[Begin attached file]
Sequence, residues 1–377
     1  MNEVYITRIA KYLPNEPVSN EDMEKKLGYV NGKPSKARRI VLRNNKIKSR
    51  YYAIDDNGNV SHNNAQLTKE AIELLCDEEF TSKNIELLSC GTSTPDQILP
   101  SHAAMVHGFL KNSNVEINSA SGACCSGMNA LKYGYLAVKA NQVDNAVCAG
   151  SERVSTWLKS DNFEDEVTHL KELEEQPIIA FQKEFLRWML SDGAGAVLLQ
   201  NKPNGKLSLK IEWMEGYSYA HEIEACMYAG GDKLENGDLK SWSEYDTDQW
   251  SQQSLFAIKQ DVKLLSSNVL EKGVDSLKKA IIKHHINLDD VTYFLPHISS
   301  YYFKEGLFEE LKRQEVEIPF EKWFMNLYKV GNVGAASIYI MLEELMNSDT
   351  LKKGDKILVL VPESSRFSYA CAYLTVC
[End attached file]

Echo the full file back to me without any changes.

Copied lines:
Sequence, residues 1–377
     1  MNEVYITRIA KYLPNEPVSN EDMEKKLGYV NGKPSKARRI VLRNNKIKSR
    51  YYAIDDNGNV SHNNAQLTKE AIELLCDEEF TSKNIELLSC GTSTPDQILP
   101  SHAAMVHGFL KNSNVEINSA SGACCSGMNA LKYGYLAVKA NQVDNAVCAG
   151  SERVSTWLKS DNFEDEVTHL KELEEQPIIA FQKEFLRWML SDGAGAVLLQ
   201  NKPNGKLSLK IEWMEGYSYA HEIEACMYAG GDKLENGDLK SWSEYDTDQW
   251  SQQSLFAIKQ DVKLLSSNVL EKGVDSLKKA IIKHHINLDD VTYFLPHISS
   301  YYFKEGLFEE LKRQEVEIPF EKWFMNLYKV GNVGAASIYI MLEELMNSDT
   351  LKKGDKILVL VPESSRFSYA CAYLTVC